‘Herculean’ efforts of Barford father described at inquest following boating tragedy
AN inquest has heard of the “herculean” efforts of a Barford father and his neighbours to save the lives of his three young children.
Julian Mynott and his three-year-old son Freddie died after the boat they were in in the River Avon near to their home capsized on May 12.
Mr Mynott’s two other children, seven-year-old Archie and six-year-old Flossie, were rescued by villager Matthew Macfayden and resuscitated by neighbours and paramedics. They have since made a full recovery.
A statement by the 42-year-old’s wife Emma Mynott, who had been at home preparing a meal for guests at time, was read out at an inquest into the father and son’s deaths held at the Justice Centre in Leamington today (Wednesday).
Describing her husband, an antiques dealer, as a “totally competent sailor” who always made sure that his children were wearing lifejackets when they were boating, she recalled on the day of the incident how her children had become excited when Mr Mynott returned from a short trip out on the river and told them he had seen a tree partly fallen into the water.
She said: “It was a sunny day, so Julian said he would take them to see it.
“Freddie was also eager to go and it was hard to say no. I can still see him running down the garden path as they left.”
Forty minutes later, she went out of the back of the family home, which backed on to the river, after hearing shouts.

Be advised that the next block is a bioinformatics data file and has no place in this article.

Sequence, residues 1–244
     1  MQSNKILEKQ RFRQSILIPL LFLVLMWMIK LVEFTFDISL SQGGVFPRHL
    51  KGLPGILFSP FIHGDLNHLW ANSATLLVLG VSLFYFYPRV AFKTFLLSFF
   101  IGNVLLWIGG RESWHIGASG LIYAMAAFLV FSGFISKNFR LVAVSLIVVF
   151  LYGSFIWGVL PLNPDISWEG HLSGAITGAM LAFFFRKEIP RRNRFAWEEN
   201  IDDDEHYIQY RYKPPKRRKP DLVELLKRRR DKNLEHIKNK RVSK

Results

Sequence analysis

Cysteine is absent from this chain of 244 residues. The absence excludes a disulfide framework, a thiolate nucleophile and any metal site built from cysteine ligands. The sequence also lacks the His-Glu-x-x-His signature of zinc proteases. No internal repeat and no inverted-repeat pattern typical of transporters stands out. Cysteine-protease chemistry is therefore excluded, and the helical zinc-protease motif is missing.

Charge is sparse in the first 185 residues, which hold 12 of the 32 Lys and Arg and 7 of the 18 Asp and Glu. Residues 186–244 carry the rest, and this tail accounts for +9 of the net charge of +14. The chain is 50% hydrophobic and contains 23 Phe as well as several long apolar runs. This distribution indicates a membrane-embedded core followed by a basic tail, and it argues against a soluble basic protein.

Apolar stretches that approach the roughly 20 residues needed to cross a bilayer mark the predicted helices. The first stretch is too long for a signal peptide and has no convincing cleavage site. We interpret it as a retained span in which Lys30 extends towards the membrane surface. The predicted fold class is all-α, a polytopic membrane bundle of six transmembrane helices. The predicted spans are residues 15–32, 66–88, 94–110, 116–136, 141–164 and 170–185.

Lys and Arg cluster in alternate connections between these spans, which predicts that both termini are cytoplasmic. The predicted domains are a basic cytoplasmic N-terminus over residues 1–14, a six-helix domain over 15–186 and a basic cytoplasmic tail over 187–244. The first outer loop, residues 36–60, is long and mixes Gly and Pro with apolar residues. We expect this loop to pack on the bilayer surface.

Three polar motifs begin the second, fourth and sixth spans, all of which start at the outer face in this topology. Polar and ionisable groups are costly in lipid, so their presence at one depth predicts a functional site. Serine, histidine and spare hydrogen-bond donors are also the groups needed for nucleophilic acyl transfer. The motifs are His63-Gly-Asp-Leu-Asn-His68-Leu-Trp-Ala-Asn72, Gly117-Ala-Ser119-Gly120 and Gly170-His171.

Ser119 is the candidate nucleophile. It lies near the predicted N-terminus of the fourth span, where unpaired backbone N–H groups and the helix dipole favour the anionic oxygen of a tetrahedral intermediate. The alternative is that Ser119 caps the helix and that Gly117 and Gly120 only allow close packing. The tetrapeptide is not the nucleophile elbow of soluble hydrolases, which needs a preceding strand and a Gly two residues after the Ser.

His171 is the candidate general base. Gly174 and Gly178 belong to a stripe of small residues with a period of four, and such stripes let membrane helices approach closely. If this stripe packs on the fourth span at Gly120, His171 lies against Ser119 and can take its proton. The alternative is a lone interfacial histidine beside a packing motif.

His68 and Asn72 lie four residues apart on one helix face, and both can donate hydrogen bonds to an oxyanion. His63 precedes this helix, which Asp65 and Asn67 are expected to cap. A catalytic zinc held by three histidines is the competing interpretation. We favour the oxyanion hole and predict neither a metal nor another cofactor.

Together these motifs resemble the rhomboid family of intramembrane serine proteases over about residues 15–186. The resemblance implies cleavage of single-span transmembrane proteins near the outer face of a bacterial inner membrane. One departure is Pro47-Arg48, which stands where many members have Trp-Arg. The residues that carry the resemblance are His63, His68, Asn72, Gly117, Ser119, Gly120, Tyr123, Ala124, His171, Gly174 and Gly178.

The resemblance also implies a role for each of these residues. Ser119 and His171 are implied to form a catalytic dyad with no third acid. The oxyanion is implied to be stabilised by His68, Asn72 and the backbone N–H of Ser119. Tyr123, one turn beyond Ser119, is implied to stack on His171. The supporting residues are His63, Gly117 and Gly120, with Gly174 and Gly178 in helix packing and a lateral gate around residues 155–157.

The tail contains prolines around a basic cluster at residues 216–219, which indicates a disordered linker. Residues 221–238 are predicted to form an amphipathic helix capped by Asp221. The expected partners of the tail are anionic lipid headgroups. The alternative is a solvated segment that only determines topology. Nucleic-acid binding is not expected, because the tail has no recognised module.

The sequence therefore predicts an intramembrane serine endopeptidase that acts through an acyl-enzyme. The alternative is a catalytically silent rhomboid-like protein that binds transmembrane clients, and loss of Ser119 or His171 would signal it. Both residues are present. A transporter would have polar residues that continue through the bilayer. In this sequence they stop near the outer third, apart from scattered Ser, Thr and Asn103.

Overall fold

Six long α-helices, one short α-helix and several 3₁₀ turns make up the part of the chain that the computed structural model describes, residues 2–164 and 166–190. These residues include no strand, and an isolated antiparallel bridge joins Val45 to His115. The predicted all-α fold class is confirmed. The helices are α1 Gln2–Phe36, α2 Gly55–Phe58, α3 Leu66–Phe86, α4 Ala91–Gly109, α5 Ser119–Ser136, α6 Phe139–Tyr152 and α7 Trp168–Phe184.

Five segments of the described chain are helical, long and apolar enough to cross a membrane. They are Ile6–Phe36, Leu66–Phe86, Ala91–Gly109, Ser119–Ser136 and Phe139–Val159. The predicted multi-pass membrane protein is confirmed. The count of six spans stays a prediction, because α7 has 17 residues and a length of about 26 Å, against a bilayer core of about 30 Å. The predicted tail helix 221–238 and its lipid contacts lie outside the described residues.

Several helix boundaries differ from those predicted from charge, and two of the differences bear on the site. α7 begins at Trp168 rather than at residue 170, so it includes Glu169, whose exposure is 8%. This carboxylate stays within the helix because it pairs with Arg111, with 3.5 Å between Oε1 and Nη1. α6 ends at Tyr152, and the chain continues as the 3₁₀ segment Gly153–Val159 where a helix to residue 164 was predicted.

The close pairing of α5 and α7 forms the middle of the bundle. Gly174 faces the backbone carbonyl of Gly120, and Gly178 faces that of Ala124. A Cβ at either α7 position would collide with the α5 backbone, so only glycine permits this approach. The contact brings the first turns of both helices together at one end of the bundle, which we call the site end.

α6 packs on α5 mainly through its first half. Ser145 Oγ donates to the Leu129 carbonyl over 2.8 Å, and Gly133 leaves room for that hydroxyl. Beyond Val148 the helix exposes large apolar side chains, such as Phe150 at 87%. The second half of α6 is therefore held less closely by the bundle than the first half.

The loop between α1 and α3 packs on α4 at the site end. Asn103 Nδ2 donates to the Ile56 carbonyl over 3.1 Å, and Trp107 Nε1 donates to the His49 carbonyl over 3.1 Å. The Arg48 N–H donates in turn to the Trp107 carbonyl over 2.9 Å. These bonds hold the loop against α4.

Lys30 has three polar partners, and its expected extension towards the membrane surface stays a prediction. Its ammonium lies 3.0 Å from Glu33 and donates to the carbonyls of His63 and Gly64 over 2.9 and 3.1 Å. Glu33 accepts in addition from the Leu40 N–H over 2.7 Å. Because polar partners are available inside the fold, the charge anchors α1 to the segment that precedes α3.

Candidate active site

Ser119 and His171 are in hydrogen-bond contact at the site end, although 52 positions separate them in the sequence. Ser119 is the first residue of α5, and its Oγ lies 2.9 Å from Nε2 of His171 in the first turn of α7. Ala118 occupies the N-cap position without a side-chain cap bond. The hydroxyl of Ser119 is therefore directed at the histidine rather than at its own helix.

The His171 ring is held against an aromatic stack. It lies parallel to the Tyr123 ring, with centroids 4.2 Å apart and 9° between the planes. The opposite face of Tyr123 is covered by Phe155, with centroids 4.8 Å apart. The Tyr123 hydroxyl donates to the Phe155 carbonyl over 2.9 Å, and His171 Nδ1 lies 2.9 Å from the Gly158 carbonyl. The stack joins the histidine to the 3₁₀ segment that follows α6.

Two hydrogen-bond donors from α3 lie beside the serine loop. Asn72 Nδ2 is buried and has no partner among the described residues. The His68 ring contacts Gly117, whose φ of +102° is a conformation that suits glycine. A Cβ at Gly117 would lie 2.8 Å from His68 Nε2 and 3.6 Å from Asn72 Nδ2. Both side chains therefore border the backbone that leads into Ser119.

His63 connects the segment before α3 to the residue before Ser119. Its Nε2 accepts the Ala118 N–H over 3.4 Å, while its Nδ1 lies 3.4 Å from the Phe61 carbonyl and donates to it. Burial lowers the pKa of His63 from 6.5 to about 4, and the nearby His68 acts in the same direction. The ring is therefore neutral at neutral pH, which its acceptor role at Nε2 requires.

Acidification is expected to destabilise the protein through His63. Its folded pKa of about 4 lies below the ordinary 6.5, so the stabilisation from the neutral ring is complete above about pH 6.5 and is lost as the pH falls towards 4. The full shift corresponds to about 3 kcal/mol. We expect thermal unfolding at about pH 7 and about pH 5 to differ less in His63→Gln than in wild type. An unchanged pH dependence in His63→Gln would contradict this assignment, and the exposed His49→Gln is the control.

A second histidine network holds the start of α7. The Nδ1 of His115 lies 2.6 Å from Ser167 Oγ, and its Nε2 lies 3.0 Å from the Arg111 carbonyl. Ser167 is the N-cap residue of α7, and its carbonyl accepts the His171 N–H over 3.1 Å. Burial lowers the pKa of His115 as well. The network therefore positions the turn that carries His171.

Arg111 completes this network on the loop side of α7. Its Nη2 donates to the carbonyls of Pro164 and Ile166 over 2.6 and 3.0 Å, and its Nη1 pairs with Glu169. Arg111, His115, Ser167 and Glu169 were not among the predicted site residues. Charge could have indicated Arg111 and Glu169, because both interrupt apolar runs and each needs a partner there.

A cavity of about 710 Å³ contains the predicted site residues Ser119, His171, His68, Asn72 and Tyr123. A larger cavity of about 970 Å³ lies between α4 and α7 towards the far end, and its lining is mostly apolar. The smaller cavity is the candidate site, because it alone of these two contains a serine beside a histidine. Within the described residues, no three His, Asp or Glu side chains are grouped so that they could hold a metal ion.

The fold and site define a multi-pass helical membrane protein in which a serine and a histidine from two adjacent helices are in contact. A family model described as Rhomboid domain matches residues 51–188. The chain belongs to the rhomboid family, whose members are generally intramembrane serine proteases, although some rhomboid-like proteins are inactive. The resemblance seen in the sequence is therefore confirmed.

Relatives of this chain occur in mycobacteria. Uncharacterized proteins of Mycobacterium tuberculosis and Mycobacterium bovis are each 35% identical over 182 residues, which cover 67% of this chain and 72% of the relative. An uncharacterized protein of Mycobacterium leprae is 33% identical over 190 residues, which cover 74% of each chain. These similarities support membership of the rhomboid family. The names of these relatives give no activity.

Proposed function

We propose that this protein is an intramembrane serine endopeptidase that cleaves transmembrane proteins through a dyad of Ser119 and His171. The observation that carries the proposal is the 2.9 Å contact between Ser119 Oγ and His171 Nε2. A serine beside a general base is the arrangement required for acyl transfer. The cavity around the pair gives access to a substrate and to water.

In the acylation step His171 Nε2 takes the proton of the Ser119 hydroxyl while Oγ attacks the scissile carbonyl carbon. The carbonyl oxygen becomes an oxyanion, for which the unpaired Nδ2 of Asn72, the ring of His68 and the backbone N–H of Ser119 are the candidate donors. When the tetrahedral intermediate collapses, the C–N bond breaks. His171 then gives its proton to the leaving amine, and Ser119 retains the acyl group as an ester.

She said: “To my horror, I saw Julian standing up in the water waist high and the boat was upside down. There was no sign of the children.”
Det Sgt Tim Carter told the inquest of the involvement of various neighbours – including Mr Macfayden and his wife Kirsty Healey, who live on the island on the opposite side of the river, who threw their grappling hook they use for fishing out to the children while Mr Mynott struggled to swim against the current to get to them.
Mr Macfayden then got into the water himself and managed to rescue Archie and Flossie but was unable to reach Freddie and could no longer see Mr Mynott.
Det Sgt Carter said: “After a prolonged search and rescue effort, the bodies of Freddie and Julian were recovered in similar locations in close proximity to the weir.
“The boat was completely smashed in half and the motor was never found. There was not more than 30m between the mooring by the house and the weir.”
Recording a verdict of accidental death for both Mr Mynott and Freddie, coroner Sean McGovern said: “This was a terrible accident. We will never know why this small boat went over the weir.
“Mr Mynott could have easily saved himself, but he chose not to. He died in his attempt to save his children.
“Many residents did their absolute best to try to pull the children from the water. Mr Macfayden in particular should be recognised for his bravery.”
Speaking after the inquest, Det Insp Colin Jones, who led the police operation on the day of the incident, said: “For everyone who was involved in the tragic events on May 12, it is a day which we are sure will stay with them forever.
“Together with Barford residents, more than 50 representatives from the police, fire, ambulance and specialist rescue teams were involved in the rescue operation – and everyone, without exception, was affected by what happened.
“We also experienced the strength of the close-knot community of Barford. In the days that followed, the provided support to each other and, most importantly, they have continued to offer support to Emma and her children.”
He added: “We can never know exactly what happened in the boat, but we have heard today of the herculean efforts of a father to protect and save his children in the most challenging and overwhelming of situations.
“Our thoughts and those of our colleagues are with Emma and her family.”
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Monday 20 May 2013
Temperature: 11 C to 18 C
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